Among my earliest memories are the beech woods and chalk hills round Whiteleaf, in Buckinghamshire, where we lived during World War II, from when I was about one until I was eight and a half. In those days children were free to roam, so as soon as I could find my way home I was allowed to go up on to White Cross Hill, where all but the summit was covered with beech trees. I loved the tender green of the light in spring and the golden brown of the forest floor in autumn, and I felt my kinship with the animals and birds and insects and the wonderful variety of snails.
Then we moved to London, where I hated the grimy streets and the foggy winters. People were still allowed to burn coal fires, and the winter air was so dirty that you could taste it. When I was thirteen, my parents offered me a choice of schools, and I immediately fell in love with the photos of Bryanston in Dorset, surrounded by chalk hills and beech woods. It was a very liberal place and felt almost like a boys' republic with teachers as an incidental extra. I hated organized sport, so volunteered to spend four days a week in various labouring jobs. From the age of sixteen we were allowed to work in the beech woods round the school, under the guidance of the forester, and I enjoyed this a great deal, except when I nearly chopped off my toe. Bryanston had the tallest plane tree in England.
After four years as an apprentice Arabist I decided I'd had enough of sitting in libraries. From my visits to Tunisia and Egypt I had concluded that the Arab world needed more trees, so I went back to being an undergraduate and took a degree in Forestry, which Oxford still offered. The big joke is that I never actually got the degree. At Oxford it is one thing to pass the exams and quite another to go through the ceremony of getting a degree. When I applied to take it, the Registrar explained that I already had the degree of B.A., and you can't acquire it twice. So what about an M.A., I asked. He told me that M.A. is just a status, it is not awarded in a subject. I had worked for three years, I had passed the exams and they weren't going to give me a degree?! Seeing my distress he told me to apply for a certificate of my full university record; it would show that I had passed the exams in Arabic, I had passed them in Forestry, I had taken the B.A. and I had taken the M.A. He assured me "Nobody who sees that piece of paper will ever know that you don't have a degree in Forestry!" He was right.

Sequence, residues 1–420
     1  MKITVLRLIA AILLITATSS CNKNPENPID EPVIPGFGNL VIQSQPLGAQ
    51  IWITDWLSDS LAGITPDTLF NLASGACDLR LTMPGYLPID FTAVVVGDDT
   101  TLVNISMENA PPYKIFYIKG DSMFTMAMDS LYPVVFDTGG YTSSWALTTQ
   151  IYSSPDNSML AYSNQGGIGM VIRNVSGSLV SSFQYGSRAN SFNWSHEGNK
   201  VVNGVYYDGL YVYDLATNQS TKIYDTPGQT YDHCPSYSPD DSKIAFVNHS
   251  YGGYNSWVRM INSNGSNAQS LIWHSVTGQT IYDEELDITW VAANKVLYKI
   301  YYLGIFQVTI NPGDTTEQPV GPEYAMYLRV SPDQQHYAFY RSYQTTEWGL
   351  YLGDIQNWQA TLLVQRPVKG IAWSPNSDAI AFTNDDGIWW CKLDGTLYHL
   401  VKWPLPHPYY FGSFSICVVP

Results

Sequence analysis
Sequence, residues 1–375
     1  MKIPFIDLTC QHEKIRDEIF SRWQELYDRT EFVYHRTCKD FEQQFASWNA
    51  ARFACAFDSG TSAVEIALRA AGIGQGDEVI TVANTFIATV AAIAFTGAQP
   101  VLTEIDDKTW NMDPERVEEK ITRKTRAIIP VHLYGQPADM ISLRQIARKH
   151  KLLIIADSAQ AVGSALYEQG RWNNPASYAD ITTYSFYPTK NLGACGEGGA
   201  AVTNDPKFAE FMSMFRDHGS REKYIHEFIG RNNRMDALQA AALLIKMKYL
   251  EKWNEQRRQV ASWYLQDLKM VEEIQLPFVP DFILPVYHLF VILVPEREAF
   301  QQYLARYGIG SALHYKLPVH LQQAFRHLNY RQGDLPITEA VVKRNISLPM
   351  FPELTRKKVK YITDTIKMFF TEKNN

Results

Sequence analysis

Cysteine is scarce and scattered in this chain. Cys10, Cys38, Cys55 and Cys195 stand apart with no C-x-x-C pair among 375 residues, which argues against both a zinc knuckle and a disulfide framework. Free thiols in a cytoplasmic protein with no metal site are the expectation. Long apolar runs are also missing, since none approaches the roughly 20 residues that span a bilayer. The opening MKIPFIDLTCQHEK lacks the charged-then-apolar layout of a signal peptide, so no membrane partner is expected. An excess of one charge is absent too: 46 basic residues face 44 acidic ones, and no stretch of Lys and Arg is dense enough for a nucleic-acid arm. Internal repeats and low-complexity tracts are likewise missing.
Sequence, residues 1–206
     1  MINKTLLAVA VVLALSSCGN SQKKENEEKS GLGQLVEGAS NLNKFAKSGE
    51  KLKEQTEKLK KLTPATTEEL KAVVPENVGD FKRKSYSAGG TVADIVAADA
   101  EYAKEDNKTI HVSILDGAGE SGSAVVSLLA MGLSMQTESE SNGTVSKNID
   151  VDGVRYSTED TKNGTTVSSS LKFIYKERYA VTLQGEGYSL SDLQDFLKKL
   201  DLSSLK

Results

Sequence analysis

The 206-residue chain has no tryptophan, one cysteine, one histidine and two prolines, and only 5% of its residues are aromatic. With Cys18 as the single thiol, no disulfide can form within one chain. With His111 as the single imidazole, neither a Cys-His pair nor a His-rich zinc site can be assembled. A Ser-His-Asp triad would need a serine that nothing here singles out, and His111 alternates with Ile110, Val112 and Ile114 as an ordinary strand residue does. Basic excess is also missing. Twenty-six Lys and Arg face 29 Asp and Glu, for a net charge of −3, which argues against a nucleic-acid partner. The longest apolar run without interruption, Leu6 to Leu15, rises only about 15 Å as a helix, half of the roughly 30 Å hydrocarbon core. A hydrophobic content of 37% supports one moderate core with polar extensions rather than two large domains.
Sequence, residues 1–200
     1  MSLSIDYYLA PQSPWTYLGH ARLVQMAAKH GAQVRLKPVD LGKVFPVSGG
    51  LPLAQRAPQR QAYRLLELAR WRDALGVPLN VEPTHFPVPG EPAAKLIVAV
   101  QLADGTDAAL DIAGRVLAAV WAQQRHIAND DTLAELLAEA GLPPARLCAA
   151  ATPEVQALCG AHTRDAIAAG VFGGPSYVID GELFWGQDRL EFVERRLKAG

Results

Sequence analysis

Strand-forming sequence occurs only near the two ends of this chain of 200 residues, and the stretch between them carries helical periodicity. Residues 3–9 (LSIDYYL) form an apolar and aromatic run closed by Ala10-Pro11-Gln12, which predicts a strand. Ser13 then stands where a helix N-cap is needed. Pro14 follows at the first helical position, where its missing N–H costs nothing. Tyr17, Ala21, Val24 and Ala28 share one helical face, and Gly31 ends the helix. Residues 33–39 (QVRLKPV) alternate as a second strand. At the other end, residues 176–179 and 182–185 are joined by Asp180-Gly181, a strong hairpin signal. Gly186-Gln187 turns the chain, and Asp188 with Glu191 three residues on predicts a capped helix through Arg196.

It was not a good career move to combine Arabic and Forestry, but I was sent to Algiers to collect forest statistics, so I asked them whether they needed me. "Oh yes they said, just fill in this application form." That was in June. When I still had heard nothing in December I sent a telegram asking for an update. I got the reply "Come immediately!" so I did. They seemed surprised to see me and parked me in an empty office for a month while they decided what to do with me. In the end I realized I had to invent my own jobs. Altogether I spent most of seven years there and learnt a great deal. The French recorded five million hectares of forest in the 1830s, but most of this was left for villages to use for firewood and grazing, and by Independence in 1962 only one million were left. Officially they were reforesting 50,000 hectares a year, but at least that much was being lost in forest fires. In the end I saw that I could achieve nothing.
So I came back to Oxford and asked Professor Harley whether he had a vacancy in ecology. After a few minutes of telling me there was nothing like that coming up, I started to leave the room. He called me back and said "There's a lecturership in economics coming up." "Oh no, I said, I'd never call myself an economist." Six months later he was chairing the selection committee which appointed me. There were three candidates with doctorates in economics, so the only explanation I could think of was that he hated economists. Anyway, I had always thought that economic behaviour was part of human ecology, so I enjoyed my job. I published a few papers that I still think were worth writing, and I shall attach them here when I find time.